The lost of a loved one is painful. It is hard to comprehend in the moment that it happened. No matter how much we prepare ourselves to the eventual passing of a loved one, something in us makes it feel as a dream, as if it did not really happen.
Over the week-end, I attended the funeral of loving cousin, who I grew up with in Haiti. An older cousin, who walked me to the church during my first communion, she attended the parent’s meeting at my school on behalf of my mother. She would feed me when I was little; overall we have had plenty of memories together, for me to be very sad of her passing. She has been suffering of pulmonary cancer for the last seven years, when finally she took her last breath.
When I got the text message from her brother informing of her passing, the first thought in my mind was no, this cannot be real. She was too young to be gone. We were too close for me to accept the fact that I would never be able to see her again. I asked questions about what would happen to her surviving son? Could she have lasted a little longer? Why did she even have to have cancer, when this is not something our family usually gets? For all these questions, I found very few answers.
At the funeral, the preacher in his eulogy evoked a thesis about death that gives all of us comfort to deal with the lost, but personally it makes me see another dimension of the Haitian struggle as a whole. The preacher talked about faith in the Lord, the afterlife that is awaiting us, among other things, but what resonates with me the most was the idea that death is a temporary reality. All of us will go through this temporary reality, but as long as we have faith, which is belief in the invisible, we will be able to overcome it.
Almost three months ago, Haiti suffered an event that was hard to accept as reality. For many of us outside of Haiti at the time, the news of the quake sounds more like a bad dream than anything else. Our attachment and love for Haiti did not help us dealing with the forceful destruction that was caused to our country. At the moment, we were staring a bleak and hopeless future. None of us wanted to think about the immediate future, for we felt powerless, and completely destroyed. We all forgot that as bad as the impact of the earthquake felt at the time, that it was only a temporary pain. For many, this temporary pain might last longer, but nonetheless, one way or another everyone would find a way to move on.
The first few days after the quake, it seems like the whole world stops to give a hand to my compatriots. The magnitude of the lost of lives made it seem as if death was something more than just a temporary reality. For many Haitians, death was becoming a permanent fixture. We heard of young children losing friends and family members on almost a daily basis. For a while, the tally kept on creeping up day after days. First, we heard it could be between 50-100,000 deaths, then it hover around 150,000, and finally after six weeks or so, most people settled on 220,000 to as much as 300,000 lost souls. This massive lost of lives in such a short time, and with a constant aftershock from the bigger quake, death was nothing but a reality that the Haitian people must get use to.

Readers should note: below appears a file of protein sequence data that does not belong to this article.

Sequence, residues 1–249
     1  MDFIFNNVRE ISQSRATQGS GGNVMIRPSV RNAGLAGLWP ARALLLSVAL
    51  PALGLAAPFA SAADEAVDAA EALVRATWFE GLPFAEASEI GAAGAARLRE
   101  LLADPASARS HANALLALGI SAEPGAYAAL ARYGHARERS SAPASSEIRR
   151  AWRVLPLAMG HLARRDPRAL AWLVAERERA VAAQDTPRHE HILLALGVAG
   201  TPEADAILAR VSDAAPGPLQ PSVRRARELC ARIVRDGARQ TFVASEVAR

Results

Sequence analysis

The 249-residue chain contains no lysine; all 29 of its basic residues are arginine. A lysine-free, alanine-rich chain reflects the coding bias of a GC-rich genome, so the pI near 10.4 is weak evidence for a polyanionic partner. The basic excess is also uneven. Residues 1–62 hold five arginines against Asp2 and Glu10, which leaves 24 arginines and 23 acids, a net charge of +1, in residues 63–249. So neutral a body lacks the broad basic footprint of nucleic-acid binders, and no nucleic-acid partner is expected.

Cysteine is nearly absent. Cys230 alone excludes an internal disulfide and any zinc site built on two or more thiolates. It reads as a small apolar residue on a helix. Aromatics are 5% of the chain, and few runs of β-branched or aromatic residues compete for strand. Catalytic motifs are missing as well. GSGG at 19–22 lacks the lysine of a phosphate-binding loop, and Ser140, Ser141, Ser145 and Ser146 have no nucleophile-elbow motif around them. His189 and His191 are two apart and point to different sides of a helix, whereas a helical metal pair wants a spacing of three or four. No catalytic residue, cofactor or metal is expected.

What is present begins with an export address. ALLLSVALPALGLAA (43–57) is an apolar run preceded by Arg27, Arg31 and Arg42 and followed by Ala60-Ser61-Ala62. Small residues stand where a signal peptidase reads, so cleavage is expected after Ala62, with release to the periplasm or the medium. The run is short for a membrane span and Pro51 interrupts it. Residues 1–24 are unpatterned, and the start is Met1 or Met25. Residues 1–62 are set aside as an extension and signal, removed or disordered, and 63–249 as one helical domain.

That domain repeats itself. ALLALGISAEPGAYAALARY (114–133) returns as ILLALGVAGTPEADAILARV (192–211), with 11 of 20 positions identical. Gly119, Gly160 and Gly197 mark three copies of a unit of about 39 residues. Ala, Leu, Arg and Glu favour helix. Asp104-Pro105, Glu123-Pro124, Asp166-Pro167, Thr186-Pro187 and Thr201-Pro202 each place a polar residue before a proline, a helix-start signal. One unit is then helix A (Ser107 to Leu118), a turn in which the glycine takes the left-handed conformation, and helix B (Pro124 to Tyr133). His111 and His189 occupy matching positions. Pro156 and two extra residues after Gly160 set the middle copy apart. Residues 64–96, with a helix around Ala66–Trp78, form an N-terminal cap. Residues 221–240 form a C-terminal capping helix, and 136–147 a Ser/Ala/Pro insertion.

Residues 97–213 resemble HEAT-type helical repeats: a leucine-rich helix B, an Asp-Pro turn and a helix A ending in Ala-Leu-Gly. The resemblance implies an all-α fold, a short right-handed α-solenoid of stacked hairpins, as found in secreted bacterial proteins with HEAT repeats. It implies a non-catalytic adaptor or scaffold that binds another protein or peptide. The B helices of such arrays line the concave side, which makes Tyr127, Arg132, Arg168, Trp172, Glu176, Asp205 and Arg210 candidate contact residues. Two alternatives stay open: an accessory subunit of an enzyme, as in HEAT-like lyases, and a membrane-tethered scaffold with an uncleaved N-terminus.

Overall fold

However, if for a moment, we all accept that all the struggle and misery that we are going through as a people is only a temporary reality, then we might be able to do something about changing these conditions. If we are able to have a faith in a national vision that can promise us of a future where the average citizen will get access to clean water, a decent education, a decent wage for services render, a respect for the rule of law, and more importantly a respect for life, then we might be able to see January 12th as a temporary reality.
If on the other hand, it is more of the same with no clear vision, where no one clearly distinguishes the starting line from the finish point, the conditions that have been embolden by the quake will not only become a permanent reality, but also run the risk of deteriorating with time.
When the preacher eloquently eulogized at my cousin’s funeral, and proclaimed that death is only a temporary reality as long as we allow ourselves to believe in the invisible, I could not stop thinking what that would mean if for once my fellow compatriots accept to believe in a better Haiti builds by Haitians on the premise of a future, which we cannot see today, but regardless agree to believe in it because of the faith we have in each other as brothers and sisters with common ancestors.
Indeed, all struggles, misery, poverty, and even death can truly be a temporary reality as long as we dedicate our lives to be a better human being with each passing day. If we conditioned our existence on the premise of becoming better citizens to our neighborhood, community, and country, then we would make stride in turning sorrow into joy, loss into gain, pity into humility, and yes a hopeless country into a prosperous nation, which can be built on the backbone of pride and human dignity.